Economy is on fast recovery track, says Ajay Bhushan Pandey

Finance Secretary cites better tax compliance and growing revenues

January 03, 2021 10:15 pm | Updated November 28, 2021 02:13 pm IST

NEW DELHI, 12/02/2019: Ajay Bhushan Pandey, Revenue Secretary seen during an interview, in New Delhi on February 12, 2019.  
Photo: Sushil Kumar Verma / The Hindu

NEW DELHI, 12/02/2019: Ajay Bhushan Pandey, Revenue Secretary seen during an interview, in New Delhi on February 12, 2019. Photo: Sushil Kumar Verma / The Hindu

With GST collections hitting a record-high in December 2020, Finance Secretary Ajay Bhushan Pandey is confident that the economy is recovering fast and will bounce back over 2021. The ‘Vivaad se Vishwas’ scheme for resolving tax disputes has already helped settle cases worth ₹83,000 crore out of an estimated ₹8 lakh crore, he says.

How much of a role did improved compliance play in the record GST collections last month?

The economy is undoubtedly on the fast recovery track. We have also been working on improving compliance for over a year now. We now have a very close data exchange between Income tax, Customs, banks and GST [Goods and Services Tax], and are able to undertake data analytics, using artificial intelligence (AI).


We are able to trace all dubious transactions from the inception of GST — if someone has issued or availed a fake bill in July 2017, we are able to detect that as well. Even if the bill may have passed through multiple layers of intermediaries, we are in a position to create a network diagram quickly through our AI tools and we are able to identify who all have been partners in the tax fraud and we are able to take action against them.

You are bringing in more changes in the GST system from this month. Do you expect these to help sustain the collections and compliance levels seen in December?

This is our endeavour. We have taken certain steps for improving overall compliance. For instance, earlier, any tax payer could claim input tax credit. Now, we are actually showing to him at the time of filing returns, that he is entitled to only ‘x’ amount of credit, calculated based on the returns filed by his suppliers. Therefore, any excess input tax credit (ITC) claim and thereby, understating tax dues, will become very difficult.

Till the last month, we had a rule that said one could not take ITC more than 10% of what is available from his suppliers. Now that is reduced to 5%. What it means in turn is that we have now 95% of invoices being matched.

So these are the systemic changes we have made that is leading to easier compliance for honest tax payers and deterring those who used to be on the fringe and looking for an opportunity to game the system. Now, things are getting harder and harder for them.

Revenue receipts stood at 40% of the Budget target by November 2020, corporate tax collections are sharply down ...

I wouldn’t like to go into the exact numbers because we are amidst the budgetary exercise. We will present our revised estimates at the time of the Budget. So it will be very premature for us to say what the deficit could be... If you look at total direct tax collections in the current year, we are down by 9.9%, which also has to be seen in the backdrop of the severe impact of the first two quarters.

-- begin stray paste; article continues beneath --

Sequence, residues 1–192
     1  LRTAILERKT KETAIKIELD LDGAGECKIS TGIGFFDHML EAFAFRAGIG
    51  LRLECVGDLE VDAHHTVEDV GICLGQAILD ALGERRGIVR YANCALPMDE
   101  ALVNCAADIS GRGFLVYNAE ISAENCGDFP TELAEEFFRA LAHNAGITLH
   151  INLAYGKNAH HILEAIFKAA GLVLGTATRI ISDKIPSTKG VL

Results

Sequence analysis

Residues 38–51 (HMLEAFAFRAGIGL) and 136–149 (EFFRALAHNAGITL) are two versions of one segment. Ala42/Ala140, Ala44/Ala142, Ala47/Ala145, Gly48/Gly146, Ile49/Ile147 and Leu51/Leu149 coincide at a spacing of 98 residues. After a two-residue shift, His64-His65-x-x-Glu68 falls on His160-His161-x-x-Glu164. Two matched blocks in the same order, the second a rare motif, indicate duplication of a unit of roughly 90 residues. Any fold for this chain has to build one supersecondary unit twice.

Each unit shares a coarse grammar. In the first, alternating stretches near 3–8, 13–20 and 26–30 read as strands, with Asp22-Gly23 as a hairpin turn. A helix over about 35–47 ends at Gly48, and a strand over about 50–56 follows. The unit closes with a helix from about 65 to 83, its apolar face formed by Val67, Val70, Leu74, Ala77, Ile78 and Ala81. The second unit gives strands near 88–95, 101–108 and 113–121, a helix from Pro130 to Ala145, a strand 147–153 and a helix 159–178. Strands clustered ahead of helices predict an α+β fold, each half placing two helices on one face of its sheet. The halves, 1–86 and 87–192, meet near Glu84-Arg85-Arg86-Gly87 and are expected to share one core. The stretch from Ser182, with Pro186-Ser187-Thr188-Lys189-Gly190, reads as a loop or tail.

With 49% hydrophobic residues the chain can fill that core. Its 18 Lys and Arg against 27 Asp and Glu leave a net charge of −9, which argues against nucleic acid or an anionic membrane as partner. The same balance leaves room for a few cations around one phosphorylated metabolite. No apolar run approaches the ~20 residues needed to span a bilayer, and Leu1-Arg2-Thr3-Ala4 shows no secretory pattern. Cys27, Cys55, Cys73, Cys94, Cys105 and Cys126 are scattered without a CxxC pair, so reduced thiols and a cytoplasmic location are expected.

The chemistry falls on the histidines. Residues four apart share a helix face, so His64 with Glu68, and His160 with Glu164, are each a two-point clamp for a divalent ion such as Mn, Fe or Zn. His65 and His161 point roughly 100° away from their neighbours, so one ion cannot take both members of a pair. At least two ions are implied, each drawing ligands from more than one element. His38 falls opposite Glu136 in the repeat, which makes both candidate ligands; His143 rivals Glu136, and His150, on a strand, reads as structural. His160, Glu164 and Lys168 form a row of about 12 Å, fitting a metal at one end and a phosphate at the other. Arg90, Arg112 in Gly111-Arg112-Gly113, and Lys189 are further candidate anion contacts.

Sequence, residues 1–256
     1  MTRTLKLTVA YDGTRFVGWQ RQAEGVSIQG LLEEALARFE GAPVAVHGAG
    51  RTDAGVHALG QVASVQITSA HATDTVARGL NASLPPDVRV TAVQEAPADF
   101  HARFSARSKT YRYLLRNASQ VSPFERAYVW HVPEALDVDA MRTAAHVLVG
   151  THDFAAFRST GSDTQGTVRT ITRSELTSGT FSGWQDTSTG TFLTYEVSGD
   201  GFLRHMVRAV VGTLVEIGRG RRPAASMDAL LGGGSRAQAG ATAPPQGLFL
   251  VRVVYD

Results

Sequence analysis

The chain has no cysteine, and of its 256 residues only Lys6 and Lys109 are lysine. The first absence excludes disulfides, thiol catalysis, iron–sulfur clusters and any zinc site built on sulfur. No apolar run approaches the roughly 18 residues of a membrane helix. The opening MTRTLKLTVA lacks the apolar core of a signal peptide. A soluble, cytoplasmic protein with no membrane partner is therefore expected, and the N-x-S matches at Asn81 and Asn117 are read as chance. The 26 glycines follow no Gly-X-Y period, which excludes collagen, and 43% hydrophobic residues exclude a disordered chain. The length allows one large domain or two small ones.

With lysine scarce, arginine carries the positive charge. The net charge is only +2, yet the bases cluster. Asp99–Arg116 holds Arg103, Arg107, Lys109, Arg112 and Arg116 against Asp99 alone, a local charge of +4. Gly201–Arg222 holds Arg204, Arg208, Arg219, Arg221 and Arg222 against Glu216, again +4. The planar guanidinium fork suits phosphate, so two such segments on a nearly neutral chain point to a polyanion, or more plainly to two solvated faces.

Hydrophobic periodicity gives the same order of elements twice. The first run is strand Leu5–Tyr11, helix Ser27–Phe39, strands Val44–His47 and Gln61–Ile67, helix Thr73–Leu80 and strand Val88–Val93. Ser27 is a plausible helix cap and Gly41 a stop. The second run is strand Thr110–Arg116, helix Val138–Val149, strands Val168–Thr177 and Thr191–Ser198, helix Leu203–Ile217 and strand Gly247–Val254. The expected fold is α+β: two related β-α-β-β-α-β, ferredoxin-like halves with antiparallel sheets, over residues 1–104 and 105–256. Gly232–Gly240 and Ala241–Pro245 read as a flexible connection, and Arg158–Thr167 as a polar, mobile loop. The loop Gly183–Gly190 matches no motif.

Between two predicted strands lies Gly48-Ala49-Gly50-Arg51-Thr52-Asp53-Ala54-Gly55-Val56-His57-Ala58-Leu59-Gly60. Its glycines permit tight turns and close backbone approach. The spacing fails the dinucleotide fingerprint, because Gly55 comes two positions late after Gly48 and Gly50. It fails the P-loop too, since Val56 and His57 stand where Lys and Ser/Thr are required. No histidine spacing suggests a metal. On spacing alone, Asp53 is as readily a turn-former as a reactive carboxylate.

Direct Tax collection is not always proportionate to turnover. If the turnover is below certain level, one may go into losses and may not pay any direct tax at all. We will see the impact of this factor.

In addition, we had also taken a series of steps to provide certain benefits to the tax payers. The TDS amount that constitutes a major part of our collections, we reduced that by 25%. So despite the 25% reduction in TDS and the abolition of dividend distribution tax and COVID, we are seeing only a 9.9% reduction in the direct tax collection by December, which shows an improvement in trends.

Do you expect more shortfalls in compensation revenue for States over 2021-22?

We will have to watch. Considering the current measures we have taken, the revenue position should improve. But how much, and to what extent it will meet the 14% compounded growth (in revenues payable to States) is something we will have to see.

What has been the response to the Vivaad se Vishwas Scheme (VSVS) for resolving tax disputes?

The VSVS dispute settlement scheme got a little setback at the outset as it was launched on March 15, 2020, and then we were immediately struck by the novel coronavirus pandemic. We have received 96,000 cases worth ₹83,000 crore out of 5 lakh appeals pending in various appellate forums. Now, we have further extended the last date till January 31, seeing the good response and we hope we will get many more cases by then.

What are your overall hopes from 2021?

So far as the economy is concerned, it is going on a continuing path of recovery. And now, we can also see the increase in the pace of the economic growth, which is evident from various economic indices and the collection figures. We see recovery picking up further in the coming months and over the next year. This will also reflect in the revenue collections as well. So we hope that the next year, until and unless something really adverse happens, we should be in a better position.

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